Curated by Common Ground Arts
You’re invited to view Nocturnal Nature, a new body of work by artist Julia Whitney Barnes that pairs the architectural splendor of the Cesar Pelli-designed windows and atrium of Brookfield Place’s Winter Garden, with inspiration from the space’s interior grove of palm trees, which was designed by Diana Balmori, the late wife of Cesar Pelli. Whitney Barnes’ work—exhibited just off the Winter Garden on the first floor—is composed of a series of framed works on paper that combine watercolor and gouache paintings on cyanotype printed watercolor paper. The imagery depicts botanical arrangements with geometric patterns and the property’s grand atrium windows, revealing various skies alluding to different seasons and times of day. The Washingtonia robusta palm trees planted in the Winter Garden appear to grow right out of the floor, and similarly, Whitney Barnes’ botanicals burst from the implied floor patterns in her artwork. Particularly during these cold winter months, Whitney Barnes’ incorporation of natural elements within her work—sun, flowers, plants, water, and air— brings the promise of spring to this interior hallway, as well as a sense of growth and transformation.
Cyanotype is a camera-less photographic printing process invented in 1842 by scientist and astronomer, Sir John Hirschel, which produces a cyan-blue print when a chemistry-coated surface is exposed to sunlight. Through her use of this medium, Whitney Barnes manipulates physical impressions of plants grown locally in her Hudson Valley home garden and other nearby areas, along with intricately cutout photographic negatives. Each selected flower is preserved through a pressing process in which the artist dissects and shapes each form—akin to a specimen from a natural history museum—and then lays everything out in massive flat files in her attic studio. Given that sunlight starts the exposure process with cyanotype chemistry, the artist carefully arranges elaborate compositions at night and utilizes long exposures under natural or UV light to create the final prints.
The digital renderings of the Winter Garden atrium windows and floor that Whitney Barnes designed, were based on an image taken by her husband and professional photographer, Sean Hemmerle. After creating a multi-part negative based on the glazing and metal supports of the atrium’s architecture, Whitney Barnes meticulously painted the exposed watercolor paper with multiple layers of watercolor and gouache. Each cyanotype is created by the power of light, inspiring viewers to look at these very recognizable images in new and different ways.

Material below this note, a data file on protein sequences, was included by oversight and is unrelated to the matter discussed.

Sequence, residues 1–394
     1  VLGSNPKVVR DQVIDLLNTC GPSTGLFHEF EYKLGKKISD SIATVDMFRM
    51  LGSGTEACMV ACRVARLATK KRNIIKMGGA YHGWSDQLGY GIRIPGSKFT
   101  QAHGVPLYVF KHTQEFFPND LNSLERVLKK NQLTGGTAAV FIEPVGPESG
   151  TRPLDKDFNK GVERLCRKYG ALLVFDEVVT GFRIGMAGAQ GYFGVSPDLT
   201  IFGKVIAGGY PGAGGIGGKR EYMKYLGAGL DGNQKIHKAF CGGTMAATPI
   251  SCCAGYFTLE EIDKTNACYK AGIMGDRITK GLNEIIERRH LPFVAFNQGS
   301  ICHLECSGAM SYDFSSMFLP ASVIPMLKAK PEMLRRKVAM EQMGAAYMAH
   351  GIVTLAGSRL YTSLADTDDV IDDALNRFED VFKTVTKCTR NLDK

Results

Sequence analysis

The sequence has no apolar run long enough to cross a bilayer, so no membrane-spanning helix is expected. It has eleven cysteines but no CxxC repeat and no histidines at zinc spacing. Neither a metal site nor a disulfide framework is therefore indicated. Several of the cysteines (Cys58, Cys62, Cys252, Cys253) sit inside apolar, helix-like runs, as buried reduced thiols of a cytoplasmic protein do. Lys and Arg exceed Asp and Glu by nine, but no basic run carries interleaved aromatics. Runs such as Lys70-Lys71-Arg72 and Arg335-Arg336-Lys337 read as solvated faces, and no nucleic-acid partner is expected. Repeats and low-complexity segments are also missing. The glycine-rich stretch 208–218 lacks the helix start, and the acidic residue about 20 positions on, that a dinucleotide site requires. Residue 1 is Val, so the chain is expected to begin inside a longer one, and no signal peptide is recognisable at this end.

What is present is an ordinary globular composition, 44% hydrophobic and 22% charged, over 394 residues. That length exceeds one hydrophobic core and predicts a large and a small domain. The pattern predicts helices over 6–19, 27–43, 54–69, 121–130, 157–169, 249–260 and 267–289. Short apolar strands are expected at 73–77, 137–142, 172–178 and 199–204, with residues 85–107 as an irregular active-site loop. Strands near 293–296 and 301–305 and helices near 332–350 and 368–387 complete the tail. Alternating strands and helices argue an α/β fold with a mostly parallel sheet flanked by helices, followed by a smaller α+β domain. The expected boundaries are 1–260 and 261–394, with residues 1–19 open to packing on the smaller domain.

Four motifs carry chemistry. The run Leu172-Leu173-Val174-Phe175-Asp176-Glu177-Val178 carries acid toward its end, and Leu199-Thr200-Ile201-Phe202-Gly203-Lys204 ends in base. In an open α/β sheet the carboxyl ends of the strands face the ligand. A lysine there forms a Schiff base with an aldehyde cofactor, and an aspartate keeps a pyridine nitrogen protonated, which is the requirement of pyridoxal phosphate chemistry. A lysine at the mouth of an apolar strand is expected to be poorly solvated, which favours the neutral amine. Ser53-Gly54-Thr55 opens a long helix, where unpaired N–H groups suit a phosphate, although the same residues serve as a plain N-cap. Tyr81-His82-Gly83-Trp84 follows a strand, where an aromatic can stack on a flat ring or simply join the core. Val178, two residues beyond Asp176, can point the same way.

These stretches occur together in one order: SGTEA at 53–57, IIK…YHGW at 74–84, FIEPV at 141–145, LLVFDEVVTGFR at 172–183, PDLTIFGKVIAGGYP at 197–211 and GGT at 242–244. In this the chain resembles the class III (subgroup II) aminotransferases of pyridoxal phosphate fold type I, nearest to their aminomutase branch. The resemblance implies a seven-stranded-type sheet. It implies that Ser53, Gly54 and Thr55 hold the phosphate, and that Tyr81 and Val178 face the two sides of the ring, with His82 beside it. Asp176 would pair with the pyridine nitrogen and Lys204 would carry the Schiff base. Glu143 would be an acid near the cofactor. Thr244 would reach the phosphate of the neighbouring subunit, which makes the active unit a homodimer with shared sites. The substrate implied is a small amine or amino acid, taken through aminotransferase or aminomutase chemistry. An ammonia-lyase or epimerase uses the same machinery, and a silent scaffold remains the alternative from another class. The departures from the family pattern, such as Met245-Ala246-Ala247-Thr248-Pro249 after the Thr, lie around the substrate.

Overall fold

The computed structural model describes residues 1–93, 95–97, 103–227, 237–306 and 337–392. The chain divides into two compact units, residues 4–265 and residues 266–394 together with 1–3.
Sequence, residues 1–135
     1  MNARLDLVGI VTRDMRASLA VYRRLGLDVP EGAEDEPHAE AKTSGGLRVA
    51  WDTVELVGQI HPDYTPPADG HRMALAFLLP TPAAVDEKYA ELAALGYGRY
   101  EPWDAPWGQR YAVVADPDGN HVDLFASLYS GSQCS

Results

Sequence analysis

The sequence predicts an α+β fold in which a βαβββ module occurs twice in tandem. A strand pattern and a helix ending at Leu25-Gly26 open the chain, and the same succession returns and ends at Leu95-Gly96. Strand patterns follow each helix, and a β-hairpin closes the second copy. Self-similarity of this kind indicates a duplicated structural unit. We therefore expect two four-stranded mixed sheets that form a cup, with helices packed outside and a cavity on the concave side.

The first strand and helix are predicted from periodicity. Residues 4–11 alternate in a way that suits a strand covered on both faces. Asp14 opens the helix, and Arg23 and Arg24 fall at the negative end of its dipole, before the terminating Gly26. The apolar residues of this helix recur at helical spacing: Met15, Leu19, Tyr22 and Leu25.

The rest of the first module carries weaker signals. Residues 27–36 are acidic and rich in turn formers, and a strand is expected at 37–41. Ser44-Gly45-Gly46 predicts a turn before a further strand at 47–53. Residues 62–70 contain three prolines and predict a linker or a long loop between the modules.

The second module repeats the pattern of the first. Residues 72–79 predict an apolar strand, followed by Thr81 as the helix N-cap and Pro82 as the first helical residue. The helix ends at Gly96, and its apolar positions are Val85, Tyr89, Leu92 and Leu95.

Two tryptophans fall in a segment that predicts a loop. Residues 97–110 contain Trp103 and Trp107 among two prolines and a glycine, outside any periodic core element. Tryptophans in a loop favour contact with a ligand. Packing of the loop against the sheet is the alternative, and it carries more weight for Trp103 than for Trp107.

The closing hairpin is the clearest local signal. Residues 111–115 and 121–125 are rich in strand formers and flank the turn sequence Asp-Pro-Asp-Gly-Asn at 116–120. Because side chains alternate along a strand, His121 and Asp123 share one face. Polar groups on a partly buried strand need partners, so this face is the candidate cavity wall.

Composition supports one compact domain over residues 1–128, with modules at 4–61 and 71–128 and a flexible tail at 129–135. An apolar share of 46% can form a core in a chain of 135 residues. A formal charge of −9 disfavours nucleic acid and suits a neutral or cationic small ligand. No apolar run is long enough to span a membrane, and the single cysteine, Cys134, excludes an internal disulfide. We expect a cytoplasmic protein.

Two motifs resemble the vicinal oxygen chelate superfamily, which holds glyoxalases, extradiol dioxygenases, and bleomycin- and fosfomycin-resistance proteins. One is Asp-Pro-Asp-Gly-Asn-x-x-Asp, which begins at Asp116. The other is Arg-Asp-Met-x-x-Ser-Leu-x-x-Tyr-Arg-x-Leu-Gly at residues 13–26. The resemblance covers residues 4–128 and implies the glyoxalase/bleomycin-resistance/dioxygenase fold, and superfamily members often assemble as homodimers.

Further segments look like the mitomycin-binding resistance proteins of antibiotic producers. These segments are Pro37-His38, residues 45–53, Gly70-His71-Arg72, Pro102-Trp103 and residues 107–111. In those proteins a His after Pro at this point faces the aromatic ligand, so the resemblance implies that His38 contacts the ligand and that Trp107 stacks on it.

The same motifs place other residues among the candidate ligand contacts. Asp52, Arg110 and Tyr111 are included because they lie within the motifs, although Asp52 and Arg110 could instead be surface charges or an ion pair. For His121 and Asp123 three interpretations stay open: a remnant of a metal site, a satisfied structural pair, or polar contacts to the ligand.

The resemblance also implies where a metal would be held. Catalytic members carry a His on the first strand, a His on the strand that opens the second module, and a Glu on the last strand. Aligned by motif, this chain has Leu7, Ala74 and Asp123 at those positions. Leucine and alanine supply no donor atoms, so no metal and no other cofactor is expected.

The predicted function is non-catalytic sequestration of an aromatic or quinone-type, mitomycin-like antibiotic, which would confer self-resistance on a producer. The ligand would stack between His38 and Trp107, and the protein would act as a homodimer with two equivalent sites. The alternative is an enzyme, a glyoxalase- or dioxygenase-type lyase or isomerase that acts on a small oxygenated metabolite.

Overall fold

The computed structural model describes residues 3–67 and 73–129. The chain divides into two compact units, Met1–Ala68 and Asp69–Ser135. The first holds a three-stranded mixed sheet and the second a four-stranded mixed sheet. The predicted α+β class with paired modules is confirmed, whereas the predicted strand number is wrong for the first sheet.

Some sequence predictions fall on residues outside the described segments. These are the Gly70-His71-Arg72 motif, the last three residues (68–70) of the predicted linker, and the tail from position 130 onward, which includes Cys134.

ABOUT THE ARTIST:
Julia Whitney Barnes works in a variety of media from cyanotypes, watercolor, oil paintings, ceramic sculptures, murals, drawings, and site-specific installations. She has exhibited widely in the United States and internationally and has been awarded fellowships from the New York State Council on the Arts administered through Arts Mid-Hudson, Lower Manhattan Cultural Council (LMCC), Abbey Memorial Fund for Mural Painting/National Academy of Fine Arts, and the Gowanus Public Art Initiative, among others. Born in Newbury, VT, Whitney Barnes spent two decades in Brooklyn, before moving to the Hudson Valley. She received her BFA from Parsons School of Design and her MFA from Hunter College. Whitney Barnes has created site-specific installations at the Dorsky Museum, New Paltz, NY; Arts Brookfield, Brooklyn, NY; the Wilderstein Sculpture Biennial, Rhinebeck, NY; The Trolley Barn/Fall Kill Creative Works, Poughkeepsie, NY; GlenLily Grounds, Newburgh, NY; ArtsWestchester, White Plains, NY; Gowanus Public Arts Initiative, Brooklyn, NY; Lower Manhattan Cultural Council/Sirovitch Senior Center and the New York City Department of Transportation, both in New York, NY; and Figment Sculpture Garden, Governors Island, NY; among other locations. Learn more at juliawhitneybarnes.com/